ISLAMABAD: Amid strong opposition by the Jamiat Ulema-e-Islam-Fazl, (JUI-F), the Senate human rights committee has recommended that anyone falsely accusing a person of blasphemy should be awarded a similar punishment prescribed for a convict of blasphemy.
“It is also recommended that anyone accusing somebody of blasphemy should come up with two witnesses to corroborate his claim,” said Pakistan Peoples Party (PPP) Senator Farhatullah Babar on Tuesday while reading out recommendations of the Senate’s Functional Committee on Human Rights.
The committee meeting, chaired by Senator Nasreen Jalil, was attended by Baber, Mufti Abdul Sattar, Mohsin Laghari and Mir Kabir Ahmed Muhammad Shahi, besides officials of Punjab police and representative of the National Commission for Human Rights (NCHR) and ministries of Human Rights and Law and Justice.
However, Senator Sattar, who belongs to the JUI-F, strongly opposed the recommendations and called them an attempt to change the blasphemy laws to ‘please the foreign masters’.
“This is tantamount to changing the blasphemy law and I know this is being done to make the masters happy as it is a conspiracy to remove the hurdles to blaspheming the Holy Prophet (peace be upon him),” Sattar said in a harsh tone. He demanded that the matter be just avoided for the ‘betterment’ of the country.
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However, Jalil as well as Laghari and Babar said there was no agenda behind such recommendations and they would only be approved after a go-ahead from the Council of Islamic Ideology (CII).
According to the recommendations, any person who registers a false case under Section 295-C of the Pakistan Penal Code should be handed the same punishment as provided for the offenders of blasphemy under the same section. The CII itself also recommended the same punishment in its annual report of 2000-2001 and 2003-2004, it was claimed.
Section 295-C was added by an act of parliament in 1986 during Gen Zia’s regime, making the use of blasphemous remarks about the Holy Prophet (PBUH) a criminal offence punishable by death.
The committee recommended that a complainant lodging a complaint under the same section may be asked to present two witnesses in favour of his accusation, adding that the same was also recommended in the CII’s annual report of 1997-1998.
The JUI-F senator, however, said it was unacceptable that the same concerns were not expressed for other crimes where an accused often spent years languishing in jail while child abusers got acquitted.
“Why only law related to blasphemy is being improved,” he said, adding, however, that the recommendations should be forwarded to the CII.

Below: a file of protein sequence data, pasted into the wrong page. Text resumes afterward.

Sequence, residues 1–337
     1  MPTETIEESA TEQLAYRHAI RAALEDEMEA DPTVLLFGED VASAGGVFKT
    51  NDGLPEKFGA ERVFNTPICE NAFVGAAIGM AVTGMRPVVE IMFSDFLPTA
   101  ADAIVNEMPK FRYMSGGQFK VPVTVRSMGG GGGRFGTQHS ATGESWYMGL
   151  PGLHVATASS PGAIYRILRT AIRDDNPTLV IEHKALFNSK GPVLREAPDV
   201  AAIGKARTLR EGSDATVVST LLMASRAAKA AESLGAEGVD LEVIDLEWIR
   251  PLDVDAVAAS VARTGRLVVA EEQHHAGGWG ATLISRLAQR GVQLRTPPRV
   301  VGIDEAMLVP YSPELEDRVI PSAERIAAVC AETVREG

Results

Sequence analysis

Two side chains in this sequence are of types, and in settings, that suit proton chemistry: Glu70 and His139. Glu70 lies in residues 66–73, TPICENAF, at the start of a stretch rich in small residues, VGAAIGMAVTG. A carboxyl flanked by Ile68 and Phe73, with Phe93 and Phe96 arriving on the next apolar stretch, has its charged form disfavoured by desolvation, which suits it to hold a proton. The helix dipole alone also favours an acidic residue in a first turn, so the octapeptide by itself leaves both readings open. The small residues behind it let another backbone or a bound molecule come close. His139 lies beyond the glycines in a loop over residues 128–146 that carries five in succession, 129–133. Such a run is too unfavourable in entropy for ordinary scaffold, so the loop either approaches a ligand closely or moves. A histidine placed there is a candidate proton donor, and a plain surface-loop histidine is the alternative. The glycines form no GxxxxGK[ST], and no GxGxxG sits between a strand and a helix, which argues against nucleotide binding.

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Jalil said there were no plans to change the law about blasphemy.
“Do you doubt our imaan [faith],” Senator Laghari asked Sattar who said he never did but would not let the amendment happen.
Babar said there was no change in the blasphemy law but those misusing the law must be held accountable as it had become a routine and such a case was reported every month, if not every week.
“Whatever, but reforms in the guise of fasad [mischief] is unacceptable,” the JUI-F senator stated.
To provide relief to death-row convicts on humanitarian grounds, the committee also recommended simplifying procedure for filing mercy petitions against death penalties to the president of Pakistan.
The committee also asked for forming an executive committee with representation of all stakeholders including the NCHR, Ministry of Law and Justice and Ministry of Human Rights to see the complaints before sending those to the president.
It recommended that "the provincial government who forwarded the application on behalf of the sentenced person should clearly define the reasons on which the plea has been filed".
An NCHR official briefed the committee that the applications were prepared by police officials but the relevant documents including medical and judicial records to support the request were often not annexed, resulting in refusal of the plea.
According to the NCHR official, in case of rejection, the law gives the provision to file another plea within seven days on fresh grounds, and that the causes of refusal are usually not mentioned in the order, hence creating problems for the applicant.
Muhammad Shafiq, the NCHR member, said 27 cases of death penalty were still pending. Discussing the juvenile cases, the committee was informed that under the latest legislation, age of the child should be determined at the time of the filing of case to avoid any complication later.
The committee was informed that a new law had been passed by the National Assembly which would soon be tabled in the Senate. The committee also forwarded three recommendations to the CII for their comments on misuse of blasphemy law.
The committee also recommend that the cases of around 40 accused apprehended in Youhanabad Church incident in Lahore over the last three years should be transferred from the Anti-Terrorism Court to routine courts.